Skip to main content

Module

NES2311 : Marine Vertebrate Biology and Ecology

  • Offered for Year: 2023/24
  • Module Leader(s): Professor Per Berggren
  • Lecturer: Dr Richard Bevan
  • Owning School: Natural and Environmental Sciences
  • Teaching Location: Newcastle City Campus
Semesters

Your programme is made up of credits, the total differs on programme to programme.

Semester 2 Credit Value: 20
ECTS Credits: 10.0
European Credit Transfer System

Aims

To appreciate, compare and contrast the evolution, physiology and adaptations of marine vertebrates. The module will specifically address aspects of the biology of fish, marine mammals, sea birds and reptiles. Building upon the entry level of vertebrate biology during Stage 1, this module will cover in detail aspects of the biology of fish (elasmobranchs and teleosts) and including their locomotion, migratory patterns and physiology. The module will address important aspects of marine biology and ecology of marine mammals (cetacean and pinnipeds) including distribution, abundance, population structure, behaviour and communication. The module will further cover adaptations and status of seabirds and marine reptiles. Human impacts on marine vertebrates will be reviewed and specifically address fisheries interactions and pollution. Case studies will be used to investigate various aspects of marine vertebrate marine biology and ecology for example how to assess conservation status and methods to mitigate identified threats and ethics.

Outline Of Syllabus

Lecture-based course focussed on the following themes will be delivered;

Fish: locomotion, physiology, senses, reproduction and migration.
Return to the Sea: Pros and cons.
Marine reptiles and seabirds: Adaptations and status.
Pinniped and cetacea evolution and status.
Marine vertebrates: locomotion, physiology and senses, foraging behaviour and ecology, diving behaviour and physiology, social structure and behaviour, communication, reproductive strategies, population structure, abundance and migration.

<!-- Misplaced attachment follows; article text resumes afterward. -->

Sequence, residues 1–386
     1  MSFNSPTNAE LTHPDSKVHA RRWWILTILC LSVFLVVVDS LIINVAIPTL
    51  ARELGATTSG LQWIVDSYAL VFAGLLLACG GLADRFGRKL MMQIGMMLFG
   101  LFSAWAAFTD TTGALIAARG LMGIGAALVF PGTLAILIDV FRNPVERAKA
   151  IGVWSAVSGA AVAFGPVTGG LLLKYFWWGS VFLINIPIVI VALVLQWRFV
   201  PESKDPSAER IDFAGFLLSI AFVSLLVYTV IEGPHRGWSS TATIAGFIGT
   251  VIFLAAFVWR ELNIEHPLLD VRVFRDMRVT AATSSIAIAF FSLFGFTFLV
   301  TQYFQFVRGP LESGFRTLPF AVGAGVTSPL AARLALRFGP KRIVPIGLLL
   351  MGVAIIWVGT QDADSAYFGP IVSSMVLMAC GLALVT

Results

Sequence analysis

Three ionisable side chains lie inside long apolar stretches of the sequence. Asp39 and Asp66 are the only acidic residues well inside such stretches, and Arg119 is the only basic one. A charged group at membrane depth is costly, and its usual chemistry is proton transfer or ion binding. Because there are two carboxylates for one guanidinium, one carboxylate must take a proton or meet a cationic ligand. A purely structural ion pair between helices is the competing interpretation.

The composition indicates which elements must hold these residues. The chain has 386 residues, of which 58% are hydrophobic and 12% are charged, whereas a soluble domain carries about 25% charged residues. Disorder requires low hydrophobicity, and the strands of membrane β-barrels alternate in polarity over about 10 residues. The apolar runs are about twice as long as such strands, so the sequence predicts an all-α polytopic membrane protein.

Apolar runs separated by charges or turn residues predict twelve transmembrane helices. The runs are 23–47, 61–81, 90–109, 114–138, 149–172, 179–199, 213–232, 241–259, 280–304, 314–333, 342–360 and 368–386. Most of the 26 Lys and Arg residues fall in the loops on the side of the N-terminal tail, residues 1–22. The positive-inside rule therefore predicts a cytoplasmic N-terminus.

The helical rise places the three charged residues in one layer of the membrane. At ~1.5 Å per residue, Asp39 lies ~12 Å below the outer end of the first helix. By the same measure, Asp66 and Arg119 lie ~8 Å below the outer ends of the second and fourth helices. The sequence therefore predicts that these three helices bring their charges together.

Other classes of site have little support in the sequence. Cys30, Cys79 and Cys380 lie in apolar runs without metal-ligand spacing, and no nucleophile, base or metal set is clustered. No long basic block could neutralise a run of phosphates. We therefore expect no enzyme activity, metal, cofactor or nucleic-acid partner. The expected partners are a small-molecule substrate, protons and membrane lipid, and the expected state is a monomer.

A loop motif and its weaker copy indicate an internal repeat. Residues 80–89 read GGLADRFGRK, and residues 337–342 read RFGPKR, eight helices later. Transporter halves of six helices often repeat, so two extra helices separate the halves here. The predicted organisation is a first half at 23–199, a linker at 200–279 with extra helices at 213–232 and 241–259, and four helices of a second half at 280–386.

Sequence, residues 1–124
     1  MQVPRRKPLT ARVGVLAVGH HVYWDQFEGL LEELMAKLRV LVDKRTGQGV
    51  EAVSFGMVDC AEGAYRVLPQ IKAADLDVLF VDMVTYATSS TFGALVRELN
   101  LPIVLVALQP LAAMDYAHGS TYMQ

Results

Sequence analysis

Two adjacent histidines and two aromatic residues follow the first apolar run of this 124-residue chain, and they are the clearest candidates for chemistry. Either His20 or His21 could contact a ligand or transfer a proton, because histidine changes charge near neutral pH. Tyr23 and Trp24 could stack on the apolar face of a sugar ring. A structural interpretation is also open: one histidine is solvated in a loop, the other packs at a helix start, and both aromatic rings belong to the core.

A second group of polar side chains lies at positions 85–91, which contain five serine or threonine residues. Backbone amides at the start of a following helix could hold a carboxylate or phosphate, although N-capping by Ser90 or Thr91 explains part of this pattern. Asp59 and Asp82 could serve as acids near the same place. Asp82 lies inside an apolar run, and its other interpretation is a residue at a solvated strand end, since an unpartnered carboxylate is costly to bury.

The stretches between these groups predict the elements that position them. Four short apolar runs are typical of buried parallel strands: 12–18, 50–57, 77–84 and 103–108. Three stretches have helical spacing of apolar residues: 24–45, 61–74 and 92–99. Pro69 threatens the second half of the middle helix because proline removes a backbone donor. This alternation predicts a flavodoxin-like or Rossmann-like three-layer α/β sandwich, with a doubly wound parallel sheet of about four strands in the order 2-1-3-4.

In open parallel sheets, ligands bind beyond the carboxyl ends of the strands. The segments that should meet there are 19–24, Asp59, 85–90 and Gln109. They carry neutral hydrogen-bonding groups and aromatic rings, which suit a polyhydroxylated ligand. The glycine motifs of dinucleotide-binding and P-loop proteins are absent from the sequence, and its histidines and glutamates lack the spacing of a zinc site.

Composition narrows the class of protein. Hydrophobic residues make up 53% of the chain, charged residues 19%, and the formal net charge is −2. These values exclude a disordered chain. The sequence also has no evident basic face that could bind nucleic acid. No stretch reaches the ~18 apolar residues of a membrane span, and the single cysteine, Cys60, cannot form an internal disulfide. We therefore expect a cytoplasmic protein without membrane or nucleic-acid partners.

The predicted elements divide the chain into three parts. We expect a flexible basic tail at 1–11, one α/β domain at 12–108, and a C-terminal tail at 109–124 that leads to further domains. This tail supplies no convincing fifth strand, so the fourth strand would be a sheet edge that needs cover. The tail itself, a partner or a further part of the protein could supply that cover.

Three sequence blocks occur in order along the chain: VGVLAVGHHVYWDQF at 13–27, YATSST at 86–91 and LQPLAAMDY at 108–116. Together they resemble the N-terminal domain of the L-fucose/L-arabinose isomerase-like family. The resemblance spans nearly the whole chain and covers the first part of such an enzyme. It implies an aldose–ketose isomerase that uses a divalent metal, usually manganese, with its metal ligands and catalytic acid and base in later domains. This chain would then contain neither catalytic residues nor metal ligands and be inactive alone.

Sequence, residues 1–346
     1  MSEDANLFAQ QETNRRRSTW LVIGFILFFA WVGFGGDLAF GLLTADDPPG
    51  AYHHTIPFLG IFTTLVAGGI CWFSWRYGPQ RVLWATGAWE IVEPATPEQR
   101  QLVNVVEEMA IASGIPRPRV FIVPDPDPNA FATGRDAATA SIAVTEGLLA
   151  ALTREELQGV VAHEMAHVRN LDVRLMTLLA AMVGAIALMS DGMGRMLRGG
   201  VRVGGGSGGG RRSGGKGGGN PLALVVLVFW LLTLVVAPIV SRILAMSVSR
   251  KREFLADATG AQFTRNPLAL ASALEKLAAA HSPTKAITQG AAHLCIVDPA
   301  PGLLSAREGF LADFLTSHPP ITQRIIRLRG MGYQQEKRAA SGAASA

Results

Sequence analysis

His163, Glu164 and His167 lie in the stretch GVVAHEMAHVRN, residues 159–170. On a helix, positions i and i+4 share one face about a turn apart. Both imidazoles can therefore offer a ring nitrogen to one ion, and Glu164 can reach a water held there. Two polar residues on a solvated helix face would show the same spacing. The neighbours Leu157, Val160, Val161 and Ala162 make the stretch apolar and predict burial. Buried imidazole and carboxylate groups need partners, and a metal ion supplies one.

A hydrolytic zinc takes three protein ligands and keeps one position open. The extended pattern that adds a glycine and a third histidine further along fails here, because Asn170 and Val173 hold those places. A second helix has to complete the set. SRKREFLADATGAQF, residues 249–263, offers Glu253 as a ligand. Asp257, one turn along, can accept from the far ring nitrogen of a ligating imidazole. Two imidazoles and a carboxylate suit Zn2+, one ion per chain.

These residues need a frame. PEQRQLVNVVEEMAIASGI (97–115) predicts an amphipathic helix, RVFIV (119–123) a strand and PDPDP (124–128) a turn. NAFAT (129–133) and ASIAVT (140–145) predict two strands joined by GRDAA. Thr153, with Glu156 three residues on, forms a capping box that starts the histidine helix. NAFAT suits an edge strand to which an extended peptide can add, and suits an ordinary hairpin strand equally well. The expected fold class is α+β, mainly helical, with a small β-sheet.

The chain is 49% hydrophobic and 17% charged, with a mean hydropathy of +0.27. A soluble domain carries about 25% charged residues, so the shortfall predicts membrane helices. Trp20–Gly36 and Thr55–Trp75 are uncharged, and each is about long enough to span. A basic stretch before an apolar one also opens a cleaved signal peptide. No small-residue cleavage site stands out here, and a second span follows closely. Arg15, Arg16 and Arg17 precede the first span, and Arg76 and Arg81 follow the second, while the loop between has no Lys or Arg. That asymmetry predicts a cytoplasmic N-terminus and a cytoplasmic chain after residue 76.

Passive acoustic monitoring methods for cetaceans.
Human Impacts on Marine Vertebrates: Fisheries interactions and pollution.
Pinniped and cetacean pathology.

Teaching Methods

Teaching Activities
Category Activity Number Length Student Hours Comment
Scheduled Learning And Teaching ActivitiesLecture21:002:00In-Person introduction and revision sessions.
Guided Independent StudyAssessment preparation and completion212:0024:00coursework, one formative and one summative
Structured Guided LearningLecture materials241:0024:00In-person lectures complemented by material on Canvas. Two lectures delivered by external colleagues
Guided Independent StudyAssessment preparation and completion13:003:00Summative assessment 2
Guided Independent StudyDirected research and reading157:0057:00Wider subject reading
Guided Independent StudyDirected research and reading241:0024:00Follow-up on in-person teaching sessions.
Scheduled Learning And Teaching ActivitiesPractical13:003:00Practical class
Scheduled Learning And Teaching ActivitiesWorkshops71:007:00Synchronous online Q & A weekly sessions.
Scheduled Learning And Teaching ActivitiesFieldwork18:008:00Farne Islands Field Trip
Guided Independent StudyIndependent study242:0048:00Lecture material follow-up and engagement with supplementary materials